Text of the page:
Rep. Scott Fitzgerald, R-Wis., told Newsmax on Thursday that the Parents Bill of Rights being considered in Congress is all about "transparency" when it comes to what children are being taught in public schools.
"This is something that originated in the last Congress," Fitzgerald said during an appearance on Newsmax's "American Agenda." "As a member of the Judiciary Committee, one of the things that Chairman Jim Jordan [R-Ohio] and a lot of the members suddenly were made aware of was that Merrick Garland, the attorney general, was part of a conversation that happened between the National Teachers Union, the White House and then, ultimately, the AG's office.
"They laid out the premise to not only brand parents as terrorists, but to begin a process to try and, I would say, intimidate or interrogate, eventually, the situations that existed.
"It's something that's been driven by, I think, kind of the back and forth that's happened at a lot of these school board meetings when parents find out that things like critical race theory are being taught in the classroom and yet are not part of what has been published as the full curriculum," he continued.
"I had conversations with administrators in my own congressional district, asking them if they, in fact, made public the curriculum, which I think all of us expected would be a document that would be certainly readily available to anybody that wanted to just peruse it or take a look at it and yet, that wasn't happening."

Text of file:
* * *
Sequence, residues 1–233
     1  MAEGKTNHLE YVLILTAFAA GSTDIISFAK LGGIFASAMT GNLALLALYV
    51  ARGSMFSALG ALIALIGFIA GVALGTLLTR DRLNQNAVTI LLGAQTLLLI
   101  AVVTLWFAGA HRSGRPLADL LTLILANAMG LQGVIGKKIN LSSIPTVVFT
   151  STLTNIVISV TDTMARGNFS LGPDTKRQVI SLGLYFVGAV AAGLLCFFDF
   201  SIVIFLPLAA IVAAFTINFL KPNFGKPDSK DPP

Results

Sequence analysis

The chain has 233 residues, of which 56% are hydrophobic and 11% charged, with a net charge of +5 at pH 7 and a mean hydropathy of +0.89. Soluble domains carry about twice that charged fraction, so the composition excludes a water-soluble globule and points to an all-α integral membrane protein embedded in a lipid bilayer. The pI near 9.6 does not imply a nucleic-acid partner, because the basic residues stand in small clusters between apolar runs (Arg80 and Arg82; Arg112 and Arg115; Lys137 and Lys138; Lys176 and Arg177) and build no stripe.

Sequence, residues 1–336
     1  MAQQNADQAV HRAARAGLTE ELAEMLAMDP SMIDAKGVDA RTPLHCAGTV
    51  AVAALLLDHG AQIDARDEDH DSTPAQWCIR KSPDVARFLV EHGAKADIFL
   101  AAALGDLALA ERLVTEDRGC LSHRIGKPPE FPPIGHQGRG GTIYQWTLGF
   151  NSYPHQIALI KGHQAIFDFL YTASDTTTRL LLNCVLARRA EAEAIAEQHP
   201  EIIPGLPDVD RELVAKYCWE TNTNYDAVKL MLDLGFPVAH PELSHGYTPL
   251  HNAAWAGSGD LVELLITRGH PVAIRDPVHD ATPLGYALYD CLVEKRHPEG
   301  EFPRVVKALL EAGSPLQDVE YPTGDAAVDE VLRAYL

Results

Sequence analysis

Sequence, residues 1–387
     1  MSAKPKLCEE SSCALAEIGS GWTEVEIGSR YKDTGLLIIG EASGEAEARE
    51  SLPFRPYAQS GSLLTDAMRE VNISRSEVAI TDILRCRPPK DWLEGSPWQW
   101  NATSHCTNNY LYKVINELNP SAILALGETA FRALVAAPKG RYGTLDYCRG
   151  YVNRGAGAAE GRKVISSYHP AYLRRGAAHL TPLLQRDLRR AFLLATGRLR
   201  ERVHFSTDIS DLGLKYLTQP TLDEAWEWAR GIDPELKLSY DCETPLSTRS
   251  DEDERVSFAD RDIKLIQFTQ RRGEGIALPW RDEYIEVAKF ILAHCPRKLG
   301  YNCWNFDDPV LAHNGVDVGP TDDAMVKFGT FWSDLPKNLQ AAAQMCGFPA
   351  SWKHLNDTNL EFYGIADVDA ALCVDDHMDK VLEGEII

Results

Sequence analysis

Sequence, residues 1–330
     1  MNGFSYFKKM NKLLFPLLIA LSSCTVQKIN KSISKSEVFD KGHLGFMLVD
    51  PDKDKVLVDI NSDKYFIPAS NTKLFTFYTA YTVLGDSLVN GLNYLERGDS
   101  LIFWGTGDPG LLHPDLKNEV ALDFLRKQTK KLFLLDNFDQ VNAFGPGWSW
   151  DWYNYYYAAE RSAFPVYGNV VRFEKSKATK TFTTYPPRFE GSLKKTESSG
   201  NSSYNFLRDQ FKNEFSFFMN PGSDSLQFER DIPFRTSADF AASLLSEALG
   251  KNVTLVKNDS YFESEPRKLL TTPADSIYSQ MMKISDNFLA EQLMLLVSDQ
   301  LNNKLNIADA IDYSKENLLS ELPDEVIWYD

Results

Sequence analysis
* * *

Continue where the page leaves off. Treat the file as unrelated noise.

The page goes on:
According to the House Select Subcommittee on the Weaponization of the Federal Government, the Biden administration colluded with the National School Boards Association (NSBA) to develop the language of the NSBA's Sept. 29, 2021, letter to President Joe Biden urging the use of federal law enforcement and counterterrorism tools, including the Patriot Act, against parents.
Released Tuesday, the committee's report concluded the administration's overall goal was to silence critics of its education policies in the run-up to the 2021 Virginia gubernatorial election.
Fitzgerald said that reasons school administrators in his district gave for not making the curriculum public included "they thought it was too costly or it would be something that would be a burden on the district."
"They all offered to sit down with parents and have that discussion, but that's one of the pillars, I guess you could say, of the Parents Bill of Rights, is this transparency," the Wisconsin Republican said.
"I think, ultimately, if anyone that is involved in education would simply make some of this material available, it may actually result in less people being upset and scrutinizing some of the school boards the way they have, because they're just outraged that you can't have an open discussion about some of these topics."
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